Title: A Network Approach to the Formation of Self-assembled Teams
Abstract: Which individuals in a network make the most appealing teammates? Which invitations are most likely to be accepted? And which are most likely to be rejected? This study explores the factors that are most likely to explain the selection, acceptance, and rejection of invitations in self-assembling teams. We conducted a field study with 780 participants using an online platform that enables people to form teams. Participants completed an initial survey assessing traits, relationships, and skills. Next, they searched for and invited others to join a team. Recipients could then accept, reject, or ignore invitations. Using Exponential Random Graph Models (ERGMs), we studied how traits and social networks influence teammate choices. Our results demonstrated that (a) agreeable leaders with high psychological collectivism send invitations most frequently, (b) previous collaborators, leaders, competent workers, females, and younger individuals receive the most invitations, and (c) rejections are concentrated in the hands of a few.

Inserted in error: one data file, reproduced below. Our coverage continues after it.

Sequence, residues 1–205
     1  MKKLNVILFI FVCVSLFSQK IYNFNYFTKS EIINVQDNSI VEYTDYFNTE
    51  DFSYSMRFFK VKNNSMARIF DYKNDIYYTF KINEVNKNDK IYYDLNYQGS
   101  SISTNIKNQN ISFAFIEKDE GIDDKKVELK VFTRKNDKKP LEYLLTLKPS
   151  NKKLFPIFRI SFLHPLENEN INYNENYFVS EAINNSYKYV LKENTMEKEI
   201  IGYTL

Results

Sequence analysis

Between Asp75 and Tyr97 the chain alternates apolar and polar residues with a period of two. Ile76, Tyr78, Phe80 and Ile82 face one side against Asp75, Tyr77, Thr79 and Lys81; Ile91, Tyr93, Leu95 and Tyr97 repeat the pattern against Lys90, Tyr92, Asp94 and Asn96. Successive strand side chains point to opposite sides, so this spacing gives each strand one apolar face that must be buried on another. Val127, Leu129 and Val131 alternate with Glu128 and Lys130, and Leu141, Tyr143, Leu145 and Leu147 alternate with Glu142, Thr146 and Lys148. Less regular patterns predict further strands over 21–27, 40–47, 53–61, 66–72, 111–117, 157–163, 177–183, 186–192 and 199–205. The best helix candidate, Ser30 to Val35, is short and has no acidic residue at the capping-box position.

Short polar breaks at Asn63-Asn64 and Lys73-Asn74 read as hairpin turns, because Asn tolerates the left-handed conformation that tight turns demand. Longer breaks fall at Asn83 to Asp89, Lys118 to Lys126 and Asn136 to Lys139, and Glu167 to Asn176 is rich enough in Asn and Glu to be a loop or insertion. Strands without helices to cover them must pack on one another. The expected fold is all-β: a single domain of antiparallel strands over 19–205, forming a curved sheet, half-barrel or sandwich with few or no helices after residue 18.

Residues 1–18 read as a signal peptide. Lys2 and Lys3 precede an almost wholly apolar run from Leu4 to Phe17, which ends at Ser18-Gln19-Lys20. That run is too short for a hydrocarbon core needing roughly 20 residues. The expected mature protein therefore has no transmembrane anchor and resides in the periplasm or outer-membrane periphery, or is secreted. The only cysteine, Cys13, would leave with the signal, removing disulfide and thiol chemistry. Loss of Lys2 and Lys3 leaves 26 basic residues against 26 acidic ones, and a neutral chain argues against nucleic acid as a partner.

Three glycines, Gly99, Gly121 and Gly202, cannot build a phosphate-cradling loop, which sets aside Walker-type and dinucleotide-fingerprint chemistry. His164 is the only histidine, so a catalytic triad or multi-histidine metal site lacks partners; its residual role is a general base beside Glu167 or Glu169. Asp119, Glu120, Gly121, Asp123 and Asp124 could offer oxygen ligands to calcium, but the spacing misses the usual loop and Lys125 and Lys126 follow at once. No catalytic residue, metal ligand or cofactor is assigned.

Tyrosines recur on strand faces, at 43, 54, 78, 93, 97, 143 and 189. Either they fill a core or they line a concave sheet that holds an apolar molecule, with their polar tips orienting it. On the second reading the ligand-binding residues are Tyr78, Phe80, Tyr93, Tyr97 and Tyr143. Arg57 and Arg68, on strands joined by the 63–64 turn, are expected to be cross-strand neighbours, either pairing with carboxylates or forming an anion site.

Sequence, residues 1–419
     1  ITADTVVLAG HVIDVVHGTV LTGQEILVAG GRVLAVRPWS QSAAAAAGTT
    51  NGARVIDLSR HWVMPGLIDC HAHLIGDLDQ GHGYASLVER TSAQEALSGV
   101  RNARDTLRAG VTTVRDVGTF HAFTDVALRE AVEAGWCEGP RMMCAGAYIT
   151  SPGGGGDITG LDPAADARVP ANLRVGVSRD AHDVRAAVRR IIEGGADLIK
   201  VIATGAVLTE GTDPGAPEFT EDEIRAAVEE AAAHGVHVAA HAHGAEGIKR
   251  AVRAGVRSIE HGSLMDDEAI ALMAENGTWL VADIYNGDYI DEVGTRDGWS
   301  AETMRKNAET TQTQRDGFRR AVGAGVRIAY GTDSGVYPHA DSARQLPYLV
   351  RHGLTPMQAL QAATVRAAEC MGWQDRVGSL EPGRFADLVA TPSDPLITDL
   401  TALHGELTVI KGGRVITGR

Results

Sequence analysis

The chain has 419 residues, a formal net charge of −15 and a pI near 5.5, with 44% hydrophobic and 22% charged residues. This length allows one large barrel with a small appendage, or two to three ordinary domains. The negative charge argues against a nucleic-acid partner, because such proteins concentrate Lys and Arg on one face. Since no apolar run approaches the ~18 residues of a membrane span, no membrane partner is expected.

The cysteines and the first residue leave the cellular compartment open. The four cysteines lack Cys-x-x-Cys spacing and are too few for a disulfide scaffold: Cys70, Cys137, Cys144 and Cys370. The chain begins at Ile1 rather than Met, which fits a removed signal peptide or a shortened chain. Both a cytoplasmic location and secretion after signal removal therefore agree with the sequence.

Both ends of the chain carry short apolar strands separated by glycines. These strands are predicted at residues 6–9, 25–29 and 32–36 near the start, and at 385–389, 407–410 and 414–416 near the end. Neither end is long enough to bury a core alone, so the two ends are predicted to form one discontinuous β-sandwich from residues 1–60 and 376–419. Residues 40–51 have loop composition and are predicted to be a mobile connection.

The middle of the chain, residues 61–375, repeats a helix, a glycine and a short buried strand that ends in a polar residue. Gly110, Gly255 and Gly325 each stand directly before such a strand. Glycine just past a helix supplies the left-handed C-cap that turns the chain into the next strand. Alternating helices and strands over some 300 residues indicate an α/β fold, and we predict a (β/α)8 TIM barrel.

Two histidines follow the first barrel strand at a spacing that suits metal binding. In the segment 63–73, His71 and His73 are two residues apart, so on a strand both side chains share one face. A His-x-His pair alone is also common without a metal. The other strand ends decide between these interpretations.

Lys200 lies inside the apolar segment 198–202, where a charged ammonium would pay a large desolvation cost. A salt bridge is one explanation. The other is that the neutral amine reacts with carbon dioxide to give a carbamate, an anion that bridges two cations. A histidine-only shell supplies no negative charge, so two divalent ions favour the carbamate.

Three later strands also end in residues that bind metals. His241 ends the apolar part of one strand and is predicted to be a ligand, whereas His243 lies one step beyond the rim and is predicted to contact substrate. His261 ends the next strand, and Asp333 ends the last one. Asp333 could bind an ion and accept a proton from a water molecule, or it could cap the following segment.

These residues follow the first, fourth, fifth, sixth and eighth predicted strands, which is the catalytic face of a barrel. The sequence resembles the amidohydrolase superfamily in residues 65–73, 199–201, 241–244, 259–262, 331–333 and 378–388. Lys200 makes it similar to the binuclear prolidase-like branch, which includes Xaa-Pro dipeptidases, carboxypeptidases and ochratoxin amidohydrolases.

Noshir Contractor elected as 2019 AAAS Fellow

We are delighted to share that Noshir Contractor has been elected as 2019 fellow of the American Association for the Advancement of Science (AAAS). He is recognized for intellectual leadership in the development of computational social science and web science and his contributions to network science theory and methodology. He will be honored on Feb 15 at the 2020 AAAS Annual Meeting in Seattle, Washington.

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Jasmine and Carmen presents at NCA 2019

Our lab members, Jasmine and Carmen are going to present at NCA 2019 for a paper they wrote on how avatar gender affects female participant’s negotiation style and outcomes in an online environment. This work was based on their undergraduate research at Cornell University. The presentation will be Sunday 11/11, 11am, and the paper was awarded the Best Student Paper at the Organizational Communication Division!